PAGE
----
Particle Accelerator [Cockcroft-Walton type]

Maker and role
Dr Leo Hobbis, Maker
University of Auckland, Other contributor
Production date
1948-1953
See full details

Object detail

Accession number
1989.21
Secondary maker and role
The General Electric Company Limited: Manufacturer
The General Electric Company Limited: Manufacturer
Unknown: Maker
Production period
Description
Cockcroft-Walton Type Nuclear Particle Accelerator used to study atomic structure. Designed and built at the then Auckland University College, now Auckland University, between 1948 and 1953 as part of a doctoral thesis by Dr Leo Hobbis.
Parts for the machine include a high voltage generator, an acceleration tube, voltage multiplier diodes and capacitors, an analysing magnet, diffusion vacuum pump and connecting tubes. Two large Kenotron thermionic rectifiers (KR-5) made by General Electric were used in the original 200 kilovolt (kV) configuration, and were replaced by 6 selenium solid state rectifiers in the later 600 kV configuration. The ion source power supply was powered by lead acetate batteries (car batteries).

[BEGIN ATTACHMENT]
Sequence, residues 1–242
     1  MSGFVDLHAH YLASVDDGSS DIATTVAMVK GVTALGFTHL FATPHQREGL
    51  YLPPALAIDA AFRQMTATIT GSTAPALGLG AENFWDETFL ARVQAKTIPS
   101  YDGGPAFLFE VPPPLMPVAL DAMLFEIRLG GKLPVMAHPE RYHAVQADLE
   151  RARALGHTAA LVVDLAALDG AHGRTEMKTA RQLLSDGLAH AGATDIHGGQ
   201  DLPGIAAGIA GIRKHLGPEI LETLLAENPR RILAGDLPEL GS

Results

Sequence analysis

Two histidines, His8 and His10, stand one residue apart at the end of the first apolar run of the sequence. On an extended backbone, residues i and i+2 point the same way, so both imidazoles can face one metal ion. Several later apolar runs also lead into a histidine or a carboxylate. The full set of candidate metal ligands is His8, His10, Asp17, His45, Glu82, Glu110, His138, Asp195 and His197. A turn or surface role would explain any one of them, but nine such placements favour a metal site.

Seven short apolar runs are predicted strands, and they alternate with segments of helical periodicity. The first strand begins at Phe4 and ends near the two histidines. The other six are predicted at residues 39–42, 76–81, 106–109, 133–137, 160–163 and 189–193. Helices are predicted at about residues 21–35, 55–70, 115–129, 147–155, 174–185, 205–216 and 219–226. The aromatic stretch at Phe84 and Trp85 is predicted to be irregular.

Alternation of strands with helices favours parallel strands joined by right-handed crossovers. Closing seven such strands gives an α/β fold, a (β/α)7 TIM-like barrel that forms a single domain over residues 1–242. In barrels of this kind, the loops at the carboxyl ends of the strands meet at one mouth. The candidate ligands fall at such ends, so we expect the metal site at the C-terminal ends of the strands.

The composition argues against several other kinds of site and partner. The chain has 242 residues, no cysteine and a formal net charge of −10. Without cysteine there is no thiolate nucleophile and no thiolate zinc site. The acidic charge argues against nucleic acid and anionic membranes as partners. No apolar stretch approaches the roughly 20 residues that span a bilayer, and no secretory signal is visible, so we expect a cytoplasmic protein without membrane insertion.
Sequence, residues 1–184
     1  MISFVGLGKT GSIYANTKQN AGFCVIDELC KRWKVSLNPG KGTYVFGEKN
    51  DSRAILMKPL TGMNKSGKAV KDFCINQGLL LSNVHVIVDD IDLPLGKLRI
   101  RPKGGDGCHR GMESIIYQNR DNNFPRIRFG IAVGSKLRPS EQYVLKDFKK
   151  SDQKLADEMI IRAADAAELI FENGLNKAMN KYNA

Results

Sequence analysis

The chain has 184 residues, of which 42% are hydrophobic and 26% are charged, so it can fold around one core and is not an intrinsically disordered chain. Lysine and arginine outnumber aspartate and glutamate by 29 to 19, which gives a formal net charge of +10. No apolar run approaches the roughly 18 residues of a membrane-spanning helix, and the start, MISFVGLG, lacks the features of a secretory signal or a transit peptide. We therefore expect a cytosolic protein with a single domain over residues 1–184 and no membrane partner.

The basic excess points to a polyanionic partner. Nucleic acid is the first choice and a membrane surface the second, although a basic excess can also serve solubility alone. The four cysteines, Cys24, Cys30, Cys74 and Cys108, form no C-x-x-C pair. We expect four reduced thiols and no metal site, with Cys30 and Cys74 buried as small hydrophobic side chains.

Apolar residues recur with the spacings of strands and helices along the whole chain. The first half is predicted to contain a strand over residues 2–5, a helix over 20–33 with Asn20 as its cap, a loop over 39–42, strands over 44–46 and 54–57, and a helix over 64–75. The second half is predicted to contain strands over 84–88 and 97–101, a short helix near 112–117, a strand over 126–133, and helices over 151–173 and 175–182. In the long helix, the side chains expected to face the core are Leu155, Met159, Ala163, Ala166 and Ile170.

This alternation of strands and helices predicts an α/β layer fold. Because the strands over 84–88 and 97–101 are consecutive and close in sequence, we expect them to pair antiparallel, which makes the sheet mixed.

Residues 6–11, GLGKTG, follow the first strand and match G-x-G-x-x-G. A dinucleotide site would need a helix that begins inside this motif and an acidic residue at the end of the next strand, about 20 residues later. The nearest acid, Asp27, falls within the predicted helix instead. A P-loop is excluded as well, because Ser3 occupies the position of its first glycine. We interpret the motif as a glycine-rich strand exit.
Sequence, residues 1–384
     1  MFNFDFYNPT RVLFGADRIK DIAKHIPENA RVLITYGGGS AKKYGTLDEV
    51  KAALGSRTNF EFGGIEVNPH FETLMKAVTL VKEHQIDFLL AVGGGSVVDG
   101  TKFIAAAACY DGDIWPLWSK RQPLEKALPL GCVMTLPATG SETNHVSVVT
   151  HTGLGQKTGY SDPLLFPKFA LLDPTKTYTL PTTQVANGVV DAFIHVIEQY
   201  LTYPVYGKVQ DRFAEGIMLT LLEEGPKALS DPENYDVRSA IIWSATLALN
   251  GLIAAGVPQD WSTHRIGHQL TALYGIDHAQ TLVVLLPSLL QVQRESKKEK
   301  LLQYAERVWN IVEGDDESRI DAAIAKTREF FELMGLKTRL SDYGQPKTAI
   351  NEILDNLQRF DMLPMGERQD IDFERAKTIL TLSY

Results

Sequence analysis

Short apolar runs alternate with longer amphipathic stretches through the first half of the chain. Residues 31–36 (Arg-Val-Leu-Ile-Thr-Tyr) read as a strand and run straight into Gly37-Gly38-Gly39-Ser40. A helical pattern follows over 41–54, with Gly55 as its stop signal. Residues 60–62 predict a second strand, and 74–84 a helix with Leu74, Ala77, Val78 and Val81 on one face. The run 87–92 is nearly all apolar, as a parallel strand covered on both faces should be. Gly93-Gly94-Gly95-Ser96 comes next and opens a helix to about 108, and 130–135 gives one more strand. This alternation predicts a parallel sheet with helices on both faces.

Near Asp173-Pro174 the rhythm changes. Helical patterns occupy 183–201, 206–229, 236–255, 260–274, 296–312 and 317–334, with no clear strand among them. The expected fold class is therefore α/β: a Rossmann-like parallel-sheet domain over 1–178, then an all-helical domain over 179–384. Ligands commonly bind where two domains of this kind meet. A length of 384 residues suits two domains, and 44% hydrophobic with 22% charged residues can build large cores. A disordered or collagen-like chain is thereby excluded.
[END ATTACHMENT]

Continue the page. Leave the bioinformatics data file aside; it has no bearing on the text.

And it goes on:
Brief History
In the 1930s John Cockcroft and Ernest Walton, two physicists working at Cambridge University’s Cavendish Laboratory with Ernest Rutherford, designed and built what became known as the Cockcroft-Walton Particle Accelerator. Cockcroft, who initiated the research, was trying to prove a proton could be accelerated with enough energy that it could enter and disintegrate the nucleus of an element.
The device, often referred to at the time as an atom smasher, was used to generate a high voltage, up to 600 kilovolts, which could accelerate the positively charged nuclei of atoms. These high velocity particles then bombarded the nuclei of a target. From the type and angular distribution of the resulting emissions the fundamental nature of nuclear force and of nuclear structure could be studied.
There was a lot of interest in better understanding this subject after World War II, when scientists had produced the first nuclear bomb, although without a complete understanding of nuclear physics. This particle accelerator, built by Dr Leo Hobbis at Auckland University as part of his doctoral thesis, "A Low Energy Cockroft-Walton Accelerator", and based on the Cockcroft-Walton particle accelerator, kept New Zealand at the forefront of science.
Other name
The Cockcroft-Walton Accelerator
Voltage multiplier
Credit Line
Dr Leo Hobbis et al. 1948-1953. Particle Accelerator [Cockcroft-Walton type], 1989.21. The Museum of Transport and Technology (MOTAT).

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